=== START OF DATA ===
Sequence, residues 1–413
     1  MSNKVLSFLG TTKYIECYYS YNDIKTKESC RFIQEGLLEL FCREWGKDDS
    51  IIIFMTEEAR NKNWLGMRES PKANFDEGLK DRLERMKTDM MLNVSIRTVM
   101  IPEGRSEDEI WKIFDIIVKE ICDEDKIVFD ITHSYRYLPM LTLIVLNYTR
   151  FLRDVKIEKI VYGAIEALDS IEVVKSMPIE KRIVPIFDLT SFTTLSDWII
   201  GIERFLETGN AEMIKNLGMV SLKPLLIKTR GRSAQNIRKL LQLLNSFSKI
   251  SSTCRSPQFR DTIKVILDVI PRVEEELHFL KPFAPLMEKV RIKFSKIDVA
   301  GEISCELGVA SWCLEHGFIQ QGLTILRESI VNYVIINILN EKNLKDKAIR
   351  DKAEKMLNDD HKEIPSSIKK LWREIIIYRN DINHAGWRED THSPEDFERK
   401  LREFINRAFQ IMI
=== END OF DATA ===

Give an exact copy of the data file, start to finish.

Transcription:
Sequence, residues 1–413
     1  MSNKVLSFLG TTKYIECYYS YNDIKTKESC RFIQEGLLEL FCREWGKDDS
    51  IIIFMTEEAR NKNWLGMRES PKANFDEGLK DRLERMKTDM MLNVSIRTVM
   101  IPEGRSEDEI WKIFDIIVKE ICDEDKIVFD ITHSYRYLPM LTLIVLNYTR
   151  FLRDVKIEKI VYGAIEALDS IEVVKSMPIE KRIVPIFDLT SFTTLSDWII
   201  GIERFLETGN AEMIKNLGMV SLKPLLIKTR GRSAQNIRKL LQLLNSFSKI
   251  SSTCRSPQFR DTIKVILDVI PRVEEELHFL KPFAPLMEKV RIKFSKIDVA
   301  GEISCELGVA SWCLEHGFIQ QGLTILRESI VNYVIINILN EKNLKDKAIR
   351  DKAEKMLNDD HKEIPSSIKK LWREIIIYRN DINHAGWRED THSPEDFERK
   401  LREFINRAFQ IMI